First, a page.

Congress leader Rahul Gandhi has filed a petition in the Bombay high court (HC) seeking quashing of the order of the Girgaum magistrate court, which has asked him to appear in person in a defamation complaint filed by a local politician, who has loyalties with the Bharatiya Janata Party (BJP)
, MumbaiHT Corresponent
Congress leader Rahul Gandhi has filed a petition in the Bombay high court (HC) seeking quashing of the order of the Girgaum magistrate court, which has asked him to appear in person in a defamation complaint filed by a local politician, who has loyalties with the Bharatiya Janata Party (BJP). Gandhi has stated in his petition that the complainant is not directly affected by the alleged defamatory statement made by him (Gandhi) in 2018, and as he (complainant) is attempting to further his political aspirations by lodging the complaint, the order of magistrate should be set aside.
The single-judge bench of justice Sandeep Shinde, on Wednesday, while hearing Gandhi’s petition against the initiation of criminal proceedings on August 28, 2019, on the orders of the Girgaum magistrate, based on the defamation complaint filed by Mahesh Shrishrimal, was informed by advocate Kushal Mor that the complaint was vexatious, baseless, unmeritorious and misconceived. The petition states that the complaint is nothing but a vehicle to drive the complainant’s own political agenda to tarnish the public image of the petitioner.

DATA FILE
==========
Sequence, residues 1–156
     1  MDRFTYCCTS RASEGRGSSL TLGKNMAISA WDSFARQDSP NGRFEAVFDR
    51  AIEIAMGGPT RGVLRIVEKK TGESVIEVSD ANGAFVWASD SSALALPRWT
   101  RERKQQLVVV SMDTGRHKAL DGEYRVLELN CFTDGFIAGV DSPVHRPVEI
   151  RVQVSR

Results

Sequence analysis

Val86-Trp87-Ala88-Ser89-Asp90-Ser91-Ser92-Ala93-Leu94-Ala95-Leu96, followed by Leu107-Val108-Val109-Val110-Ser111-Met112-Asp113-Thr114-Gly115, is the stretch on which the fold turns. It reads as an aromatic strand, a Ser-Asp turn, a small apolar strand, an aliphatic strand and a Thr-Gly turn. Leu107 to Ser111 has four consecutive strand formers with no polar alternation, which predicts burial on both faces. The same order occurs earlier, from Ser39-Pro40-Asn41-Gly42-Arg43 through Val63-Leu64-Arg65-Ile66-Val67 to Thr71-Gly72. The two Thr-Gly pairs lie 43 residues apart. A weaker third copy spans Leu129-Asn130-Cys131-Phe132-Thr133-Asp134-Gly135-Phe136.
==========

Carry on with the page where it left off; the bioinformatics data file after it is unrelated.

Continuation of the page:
According to the complaint, during a rally held in Rajasthan in September 2018, Gandhi had made a defamatory statement against Prime Minister Narendra Modi, which had resulted in various news channels and social media platforms trolling the PM. The complaint also stated that Gandhi had purportedly posted a tweet and given a statement, wherein he referred to the PM as “commander in thief”, which was defamatory and made “direct allegation of theft against BJP members and Indian citizens connected to Modi.”
The petition states that he (Gandhi) became aware of the magistrate order after receiving a summon on July 12, this year. Terming the magistrate’s order as mechanical in nature and without any minimum reasoning required for the issuing process against the petitioner, Gandhi states that the complainant lacked locus standi (standing) to file the complaint, as a defamation complaint can only be initiated by the person defamed.
In light of the above, the petition states that the present case comes under the exceptions to section 499 (defamation) of the Indian Penal Code (IPC), hence the magistrate order should be quashed and till the current petition was heard, all further proceedings arising out of the order before the magistrate court be stayed. The court will hear the petition on November 22.
Doonited Affiliated: Syndicate News Hunt